Is AI really about trust? 


In less than 12 months, the discourse surrounding artificial intelligence (AI) has shifted from speculative predictions about its ascent to a palpable and urgent concern among industry leaders.  
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OpenAI’s CEO, Sam Altmann, has recently been more vocal about his unease regarding the remarkable capabilities and implications of his company’s own technology. This heightened awareness and concern within Silicon Valley is indicative of the accelerating development of AI and its revolutionary potential. 

A pivotal hearing before Congress on May 16, 2023, focused on the pressing issue of regulating AI systems. Over the course of four hours, key stakeholders from government, industry, and academia engaged in a discussion, shedding light on the potential risks and benefits of AI technology and its impact on society. The hearing emphasised the need to strike a balance between innovation and accountability, highlighting the importance of ethical guidelines, industry self-regulation, and government oversight to safeguard against potential harm caused by unchecked AI systems. 

Interestingly, Mira Murati, OpenAI’s CTO and the mastermind behind the rapidly adopted ChatGPT, was not called to testify. As an observer of AI development since 2017, and particularly attentive since the launch of ChatGPT in November 2022, I’ve come to ponder the question of trust when it comes to AI. Traditionally, trust in the tech context has been framed as the belief that a system will perform as expected without causing harm or acting in an unpredictable or uncontrolled manner.  

The concept of trust in technology has been extensively studied, and one such research study titled “Trust in Technology: A Meta-Analysis of Empirical Findings” conducted by Rainer K. Silbereisen and Jochen Peter in 2009 aimed to analyse the factors that influence trust in technology. The study identified 81 empirical studies that examined trust in various types of technology, including mobile phones, internet-based as well as automated systems.  

The study revealed that perceived usefulness and perceived ease of use were the two most significant factors influencing trust in technology. Other factors, such as privacy and security concerns and social influence, were also found to be significant.  

Notably, none of these studies explored the impact of trust between humans in a technological context. 

Trust in a technological context is built when actions consistently and transparently align with algorithms. During the congressional hearing, Altman proposed the establishment of a new independent agency tasked with licensing “powerful” AI models. If “trust is the glue of life,” as Stephen Covey posited in his 1989 book “The 7 Habits of Highly Effective People, is this enough glue?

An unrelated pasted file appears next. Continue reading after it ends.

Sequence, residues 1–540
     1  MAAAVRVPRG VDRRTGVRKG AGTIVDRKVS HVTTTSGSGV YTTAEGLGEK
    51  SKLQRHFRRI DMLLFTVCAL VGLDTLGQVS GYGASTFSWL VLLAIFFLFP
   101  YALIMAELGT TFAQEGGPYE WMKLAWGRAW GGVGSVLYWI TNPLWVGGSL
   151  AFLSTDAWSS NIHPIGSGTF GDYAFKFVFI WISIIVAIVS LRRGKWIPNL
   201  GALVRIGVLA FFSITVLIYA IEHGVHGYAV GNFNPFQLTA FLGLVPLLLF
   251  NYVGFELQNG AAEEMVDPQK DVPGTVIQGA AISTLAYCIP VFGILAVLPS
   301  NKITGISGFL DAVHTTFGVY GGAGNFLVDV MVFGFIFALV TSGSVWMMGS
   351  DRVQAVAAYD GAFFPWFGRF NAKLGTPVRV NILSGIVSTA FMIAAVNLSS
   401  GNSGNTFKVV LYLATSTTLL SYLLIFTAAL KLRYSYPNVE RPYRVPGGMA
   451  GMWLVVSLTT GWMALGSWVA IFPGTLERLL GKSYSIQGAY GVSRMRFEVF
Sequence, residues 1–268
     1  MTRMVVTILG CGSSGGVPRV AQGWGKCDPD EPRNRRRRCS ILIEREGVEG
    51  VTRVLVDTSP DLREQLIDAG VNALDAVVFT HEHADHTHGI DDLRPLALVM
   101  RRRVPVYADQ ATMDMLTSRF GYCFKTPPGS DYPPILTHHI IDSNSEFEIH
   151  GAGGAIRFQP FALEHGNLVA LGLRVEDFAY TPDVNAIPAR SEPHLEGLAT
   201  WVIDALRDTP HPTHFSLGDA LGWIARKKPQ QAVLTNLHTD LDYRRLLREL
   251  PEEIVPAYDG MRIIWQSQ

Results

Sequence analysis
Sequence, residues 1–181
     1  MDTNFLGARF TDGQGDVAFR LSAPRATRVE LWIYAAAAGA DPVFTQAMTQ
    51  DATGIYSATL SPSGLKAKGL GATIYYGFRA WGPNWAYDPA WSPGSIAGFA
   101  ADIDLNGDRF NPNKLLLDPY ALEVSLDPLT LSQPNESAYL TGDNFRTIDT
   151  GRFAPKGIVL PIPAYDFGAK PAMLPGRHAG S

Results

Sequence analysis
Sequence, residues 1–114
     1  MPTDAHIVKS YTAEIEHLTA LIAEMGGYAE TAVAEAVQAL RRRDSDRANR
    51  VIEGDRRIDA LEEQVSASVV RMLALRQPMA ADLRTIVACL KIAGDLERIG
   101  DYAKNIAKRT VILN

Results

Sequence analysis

Technology does not create itself; it is designed and operated by humans. Consequently, issues like bias, fairness, transparency, and accountability in AI systems are reflections of our humanity, with all its flaws, enriching and complicating the human experience. 

Kai-Fu Lee, former Google executive and author of “AI2041: Ten Visions of the Future,” eloquently summarises the essence of artificial intelligence: “Artificial intelligence is the elucidation of the human learning process, the quantification of the human thinking process, the explication of human behaviour, and the understanding of what makes intelligence possible. It is humankind’s final step to understand themselves.” 

Thus, we must be prepared to introspect and accept all aspects of our human selves as we navigate the legal and governance frameworks surrounding AI. Earlier this year, Murati acknowledged the existence of numerous challenging problems to address, such as ensuring the model performs as intended and aligns with human intentions, ultimately serving humanity. 

I asked ChatGPT to provide me with a thoughtful closing line to this article, and this is what it said: As we embark on this intricate journey of AI, grappling with the complexities of trust and human implications, one thing becomes clear: The true measure of AI’s success lies not only in its technological prowess but in its ability to reflect and augment the best of our human nature, fostering a symbiotic relationship between humans and machines.  

And what a mammoth exercise in human trust that is. 

Anna believes that legal innovation is invigorating, change is energising and efficiency will never go out of fashion. Starting out at a major Australian law firm, she has spent the majority of her legal career in-house working in the banking, automotive and cosmetics industries, before starting her own multi-dimensional consultancy, Anna Lozynski Advisory. In addition, she sits on various Advisory Boards, as well as being a co-founder of The Mindful Lawyers, and inCite LegalTech.As an award-winning transformer including being recognised as one of APAC’s Top 10 Innovative Lawyers by Financial Times, Anna is a sought-after commentator, speaker & brand ambassador both domestically and internationally.

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